Scotland's finances may make it hard for politicians to deliver on their promises to schools, reports David Walker
A proud Scottish educational tradition was cited by all parties, as the campaign for the elections to Scotland's parliament on May 6 kicked off.
Schools were in the thick of a war of promises, with all sides keen to show their largesse. Extra books, four computers per class and a pound;14 million fund for the poorest students have all been pledged.
Yet, Scotland's future finances are a tricky area. Despite the fluttering of cheque books, the real story is that tax rises or spending cuts are likely in the next few years. Voters in Scotland seem to have a choice of backing their strong belief in education with cash - or minding their wallets.
On their visits to Scotland during the past few days both the Prime Minister and the Chancellor committed the Government to maintaining something called the Barnett formula - a Seventies' device for allocating Scotland a set percentage of any increase in public spending year on year.
Its operation has till now ensured that Scottish per capita spending levels are well in excess of those in England and, some argue, well in excess of what an objective study of Scottish needs would justify. The formula has produced public spending per head in Scotland of pound;4,722 - 22 per cent higher than the English figure of pound;3,897.
Labour insists that Scotland's pound;15 billion budget is "fair and seen to be fair", maintaining an implacable opposition to tax rises. The new parliament, whatever its composition, must not breach the Government's spending limits.
The SNP takes a different view. It calculates it would have pound;690m to add to public spending if the planned cuts in basic rates of income tax were not implemented.
This would allow more teachers and doctors to be recruited and pay for a string of projects including the abolition of the Private Finance Initiative, the Conservative scheme to involve the private sector in funding public projects.
The PFI would be replaced by Scottish public-service trusts - a kind of bond to pay for new capital spending. Both the Government and the banks say this is a way of increasing public borrowing.
The most dispassionate recent calculations - from Professor Gavin McCrone of the University of Edinburgh, a former Scottish Office official - suggest there are problems ahead whoever wins power.
He believes the Barnett formula will not be able to deal with existing spending plans, let alone all the promises emerging in the current campaign.
Even if Scotland were allocated a generous share of North Sea oil spending from its own tax revenues, it would be well short of what is needed to maintain services at their current level: that means higher borrowing (which would upset all Gordon Brown's calculations) or extra grants from England.
The scene is set for some heavy battling over finances. The Treasury had been planning to cut the number of officials it has been dealing with in Wales and Scotland. That decision has now been shelved.
CARDS ON THE DESK WHO'S OFFERING WHAT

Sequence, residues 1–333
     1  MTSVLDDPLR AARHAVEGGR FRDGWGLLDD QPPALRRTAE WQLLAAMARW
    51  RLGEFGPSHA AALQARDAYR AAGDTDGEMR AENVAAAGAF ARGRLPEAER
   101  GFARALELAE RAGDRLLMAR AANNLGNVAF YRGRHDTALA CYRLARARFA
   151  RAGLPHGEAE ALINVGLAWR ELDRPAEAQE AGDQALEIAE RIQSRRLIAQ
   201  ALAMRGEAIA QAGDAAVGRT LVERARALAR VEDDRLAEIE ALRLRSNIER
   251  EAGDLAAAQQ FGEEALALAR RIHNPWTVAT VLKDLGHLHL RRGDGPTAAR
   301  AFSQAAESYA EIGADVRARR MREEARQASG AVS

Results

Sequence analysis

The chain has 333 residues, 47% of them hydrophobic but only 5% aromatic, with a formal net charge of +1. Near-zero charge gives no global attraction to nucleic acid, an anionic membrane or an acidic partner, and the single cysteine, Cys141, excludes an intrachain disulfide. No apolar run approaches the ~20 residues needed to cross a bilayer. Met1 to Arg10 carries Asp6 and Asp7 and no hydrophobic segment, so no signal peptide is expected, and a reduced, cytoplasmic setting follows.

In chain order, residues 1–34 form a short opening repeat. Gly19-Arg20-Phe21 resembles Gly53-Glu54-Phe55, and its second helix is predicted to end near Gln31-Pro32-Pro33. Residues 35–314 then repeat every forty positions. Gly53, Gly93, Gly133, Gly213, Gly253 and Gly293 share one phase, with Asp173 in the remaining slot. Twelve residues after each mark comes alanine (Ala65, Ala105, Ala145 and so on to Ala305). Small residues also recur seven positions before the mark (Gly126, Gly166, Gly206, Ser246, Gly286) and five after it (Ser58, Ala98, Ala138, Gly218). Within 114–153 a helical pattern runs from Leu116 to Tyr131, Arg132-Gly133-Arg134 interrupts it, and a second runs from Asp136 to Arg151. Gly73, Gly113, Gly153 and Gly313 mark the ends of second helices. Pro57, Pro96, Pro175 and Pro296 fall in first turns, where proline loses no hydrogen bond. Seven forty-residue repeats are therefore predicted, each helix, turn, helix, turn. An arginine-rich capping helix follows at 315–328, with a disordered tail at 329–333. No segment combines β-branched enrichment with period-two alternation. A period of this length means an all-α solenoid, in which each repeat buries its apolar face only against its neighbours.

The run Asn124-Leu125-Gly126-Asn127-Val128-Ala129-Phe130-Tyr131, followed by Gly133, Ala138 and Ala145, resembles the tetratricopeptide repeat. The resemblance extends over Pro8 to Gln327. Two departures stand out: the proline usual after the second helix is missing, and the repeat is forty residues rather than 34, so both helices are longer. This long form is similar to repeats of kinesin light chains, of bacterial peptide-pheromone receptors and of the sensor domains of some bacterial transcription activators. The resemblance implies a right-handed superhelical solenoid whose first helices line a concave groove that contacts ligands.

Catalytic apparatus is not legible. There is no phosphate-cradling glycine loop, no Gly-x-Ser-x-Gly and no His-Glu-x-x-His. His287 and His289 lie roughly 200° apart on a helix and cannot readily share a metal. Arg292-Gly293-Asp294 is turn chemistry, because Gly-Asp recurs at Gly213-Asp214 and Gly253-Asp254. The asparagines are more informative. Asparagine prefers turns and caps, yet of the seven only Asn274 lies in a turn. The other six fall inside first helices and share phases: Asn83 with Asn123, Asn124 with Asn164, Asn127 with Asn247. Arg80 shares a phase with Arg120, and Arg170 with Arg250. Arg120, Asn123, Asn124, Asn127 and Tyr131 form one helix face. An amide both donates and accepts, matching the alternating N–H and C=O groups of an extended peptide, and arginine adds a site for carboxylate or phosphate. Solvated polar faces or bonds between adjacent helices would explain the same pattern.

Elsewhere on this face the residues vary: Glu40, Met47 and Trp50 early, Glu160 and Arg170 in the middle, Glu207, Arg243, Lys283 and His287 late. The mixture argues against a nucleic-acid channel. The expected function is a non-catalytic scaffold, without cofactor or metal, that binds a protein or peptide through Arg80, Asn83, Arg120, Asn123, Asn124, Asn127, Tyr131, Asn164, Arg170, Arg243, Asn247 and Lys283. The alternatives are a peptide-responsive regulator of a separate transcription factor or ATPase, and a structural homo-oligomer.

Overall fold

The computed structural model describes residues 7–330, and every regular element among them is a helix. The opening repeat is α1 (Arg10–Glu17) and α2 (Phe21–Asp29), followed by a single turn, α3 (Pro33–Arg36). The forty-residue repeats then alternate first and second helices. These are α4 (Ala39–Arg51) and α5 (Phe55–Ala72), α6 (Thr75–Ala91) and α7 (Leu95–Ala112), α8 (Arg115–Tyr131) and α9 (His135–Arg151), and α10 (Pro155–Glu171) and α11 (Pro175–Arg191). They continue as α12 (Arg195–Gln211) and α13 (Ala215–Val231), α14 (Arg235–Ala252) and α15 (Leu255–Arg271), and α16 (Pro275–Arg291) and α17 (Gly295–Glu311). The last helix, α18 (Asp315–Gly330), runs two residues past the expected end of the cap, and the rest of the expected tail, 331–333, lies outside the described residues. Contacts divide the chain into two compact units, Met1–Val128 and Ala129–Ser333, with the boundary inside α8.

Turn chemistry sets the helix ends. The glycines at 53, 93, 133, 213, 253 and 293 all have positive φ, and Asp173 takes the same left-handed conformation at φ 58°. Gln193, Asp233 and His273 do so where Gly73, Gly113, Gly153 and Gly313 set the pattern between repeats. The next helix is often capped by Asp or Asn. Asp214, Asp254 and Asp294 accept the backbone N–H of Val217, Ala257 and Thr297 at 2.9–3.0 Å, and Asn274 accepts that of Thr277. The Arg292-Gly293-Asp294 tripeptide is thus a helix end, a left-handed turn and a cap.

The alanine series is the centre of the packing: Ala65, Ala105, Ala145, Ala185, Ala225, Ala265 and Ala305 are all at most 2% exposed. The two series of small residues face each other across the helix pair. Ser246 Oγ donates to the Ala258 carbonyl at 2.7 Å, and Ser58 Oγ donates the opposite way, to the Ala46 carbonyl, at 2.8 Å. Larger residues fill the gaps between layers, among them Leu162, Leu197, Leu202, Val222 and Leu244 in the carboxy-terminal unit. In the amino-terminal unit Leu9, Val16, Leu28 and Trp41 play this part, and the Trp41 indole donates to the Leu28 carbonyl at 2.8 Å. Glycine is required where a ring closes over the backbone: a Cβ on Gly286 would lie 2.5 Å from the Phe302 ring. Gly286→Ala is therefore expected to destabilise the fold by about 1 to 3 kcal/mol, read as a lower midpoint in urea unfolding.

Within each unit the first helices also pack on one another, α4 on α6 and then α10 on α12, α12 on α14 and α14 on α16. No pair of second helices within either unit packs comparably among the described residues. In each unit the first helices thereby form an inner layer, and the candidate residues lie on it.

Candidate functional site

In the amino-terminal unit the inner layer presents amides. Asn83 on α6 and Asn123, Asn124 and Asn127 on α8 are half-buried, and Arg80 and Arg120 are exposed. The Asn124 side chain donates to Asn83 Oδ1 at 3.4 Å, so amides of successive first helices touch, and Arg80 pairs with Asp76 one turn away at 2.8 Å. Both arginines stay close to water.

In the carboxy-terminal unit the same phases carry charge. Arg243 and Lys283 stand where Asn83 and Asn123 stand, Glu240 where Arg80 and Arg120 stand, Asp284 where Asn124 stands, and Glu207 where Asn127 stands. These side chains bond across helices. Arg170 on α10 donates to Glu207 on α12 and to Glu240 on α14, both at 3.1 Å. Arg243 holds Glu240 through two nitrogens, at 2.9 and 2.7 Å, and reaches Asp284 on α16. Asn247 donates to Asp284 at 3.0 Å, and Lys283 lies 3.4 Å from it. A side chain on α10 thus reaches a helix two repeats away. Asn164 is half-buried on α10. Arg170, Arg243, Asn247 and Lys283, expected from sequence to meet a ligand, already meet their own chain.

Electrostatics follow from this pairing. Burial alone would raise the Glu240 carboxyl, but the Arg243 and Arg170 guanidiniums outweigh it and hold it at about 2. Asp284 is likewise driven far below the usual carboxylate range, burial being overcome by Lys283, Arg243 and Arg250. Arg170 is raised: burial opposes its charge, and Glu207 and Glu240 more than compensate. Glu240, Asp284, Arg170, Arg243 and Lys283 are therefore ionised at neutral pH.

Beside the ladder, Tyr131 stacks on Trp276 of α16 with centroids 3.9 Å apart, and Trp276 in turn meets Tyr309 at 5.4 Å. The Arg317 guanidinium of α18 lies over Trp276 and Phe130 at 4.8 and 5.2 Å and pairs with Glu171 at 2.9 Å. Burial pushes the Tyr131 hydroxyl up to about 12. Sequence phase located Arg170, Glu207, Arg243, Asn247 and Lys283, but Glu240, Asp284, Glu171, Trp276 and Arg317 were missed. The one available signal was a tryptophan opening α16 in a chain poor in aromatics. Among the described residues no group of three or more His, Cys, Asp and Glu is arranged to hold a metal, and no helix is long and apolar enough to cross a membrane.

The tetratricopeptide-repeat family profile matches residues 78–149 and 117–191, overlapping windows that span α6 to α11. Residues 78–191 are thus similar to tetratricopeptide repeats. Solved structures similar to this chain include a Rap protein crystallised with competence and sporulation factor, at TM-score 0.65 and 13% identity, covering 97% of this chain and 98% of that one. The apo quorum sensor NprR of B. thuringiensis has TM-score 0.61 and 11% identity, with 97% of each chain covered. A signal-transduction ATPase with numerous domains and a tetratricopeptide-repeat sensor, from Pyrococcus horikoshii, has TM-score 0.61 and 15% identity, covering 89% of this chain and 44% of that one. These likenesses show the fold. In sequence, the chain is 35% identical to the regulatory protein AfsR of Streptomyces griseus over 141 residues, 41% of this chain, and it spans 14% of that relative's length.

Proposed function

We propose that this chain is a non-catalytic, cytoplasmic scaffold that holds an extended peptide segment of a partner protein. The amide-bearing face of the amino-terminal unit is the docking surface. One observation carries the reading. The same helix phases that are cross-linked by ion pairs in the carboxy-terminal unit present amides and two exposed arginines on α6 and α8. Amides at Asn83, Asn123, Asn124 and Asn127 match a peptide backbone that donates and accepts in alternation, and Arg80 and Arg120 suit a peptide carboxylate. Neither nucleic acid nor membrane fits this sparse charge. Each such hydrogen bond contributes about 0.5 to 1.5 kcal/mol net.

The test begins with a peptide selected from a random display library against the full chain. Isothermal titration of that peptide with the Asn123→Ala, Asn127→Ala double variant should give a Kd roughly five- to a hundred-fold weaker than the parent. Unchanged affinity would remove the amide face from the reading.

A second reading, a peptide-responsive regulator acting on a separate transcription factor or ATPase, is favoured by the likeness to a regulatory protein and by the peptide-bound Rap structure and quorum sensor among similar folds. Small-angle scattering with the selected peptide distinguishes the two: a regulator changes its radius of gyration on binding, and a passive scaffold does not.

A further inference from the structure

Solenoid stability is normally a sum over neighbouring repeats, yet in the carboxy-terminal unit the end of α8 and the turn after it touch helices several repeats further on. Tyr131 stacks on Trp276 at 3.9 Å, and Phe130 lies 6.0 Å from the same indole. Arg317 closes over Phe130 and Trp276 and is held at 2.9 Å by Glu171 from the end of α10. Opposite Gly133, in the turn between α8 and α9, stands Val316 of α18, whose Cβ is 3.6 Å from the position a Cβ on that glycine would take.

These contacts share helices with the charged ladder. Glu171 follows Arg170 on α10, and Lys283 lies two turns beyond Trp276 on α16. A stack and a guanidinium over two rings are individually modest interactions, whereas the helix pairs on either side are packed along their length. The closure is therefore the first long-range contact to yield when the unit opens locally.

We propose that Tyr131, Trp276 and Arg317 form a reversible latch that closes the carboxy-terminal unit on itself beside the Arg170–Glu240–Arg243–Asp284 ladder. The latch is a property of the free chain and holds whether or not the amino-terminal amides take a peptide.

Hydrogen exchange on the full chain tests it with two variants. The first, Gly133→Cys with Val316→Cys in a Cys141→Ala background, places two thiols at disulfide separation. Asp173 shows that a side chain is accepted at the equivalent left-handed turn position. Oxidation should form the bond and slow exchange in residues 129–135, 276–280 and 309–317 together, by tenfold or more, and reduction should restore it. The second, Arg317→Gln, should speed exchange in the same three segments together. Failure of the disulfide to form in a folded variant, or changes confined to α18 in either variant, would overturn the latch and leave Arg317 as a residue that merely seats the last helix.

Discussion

The Scottish Nationalists perhaps have tried hardest to wrap their campaign in the clothes of the "lad o' pairts" - the traditional Scottish symbol of the young person who makes it in the world thanks to a solid schooling.
They offer pound;30 per pupil for extra books plus an (unspecified) share of the pound;230m per year that would be available if an SNP administration refused to go along with Chancellor Gordon Brown's 1999 Budget and reduce income tax by one penny.
The party has also promised to "create the most extensive Scottish educational resource ever" by supplying e-mail addresses and computer access to all schoolchildren.
It's not clear whether a future SNP government would tolerate local authorities since its manifesto promises to "stop the endless political meddling in education and the curriculum".
Scottish Lib Dems
The Scottish Liberal Democrats are proposing to be generous, too. Even if they have no chance of becoming the majority party in the new parliament (Labour are well ahead in the polls, followed by the SNP) the Lib Dems could be Labour's coalition partner. So their priorities are significant. They want more teachers, more books and an end to tuition fees in higher education.
In addition they would establish a pound;14m fund to help "the poorest students" get into university and "provide high-quality early-years" education for all three- and four-year-olds whose parents want it.
Scottish Tories say they are going to be radical, revisiting the past to propose vouchers for nursery pupils and higher education students. They would abolish the local authority role in education, transferring it to appointed boards funded directly by the Parliament. There would be bonus payments for teachers and the re-introduction of selection by academic ability.
Labour too has made much of Scottish education and says there will be an "education for the nation" Act - if it wins.
Donald Dewar, Scottish Secretary and front-runner to be First Minister, said the Act would have five strands: new community schools to tackle poverty and social exclusion; investment in technology for schools; a guaranteed nursery place for all three and four-year-olds; a system of "rewards" for top-performing teachers; and a plan to raise educational standards.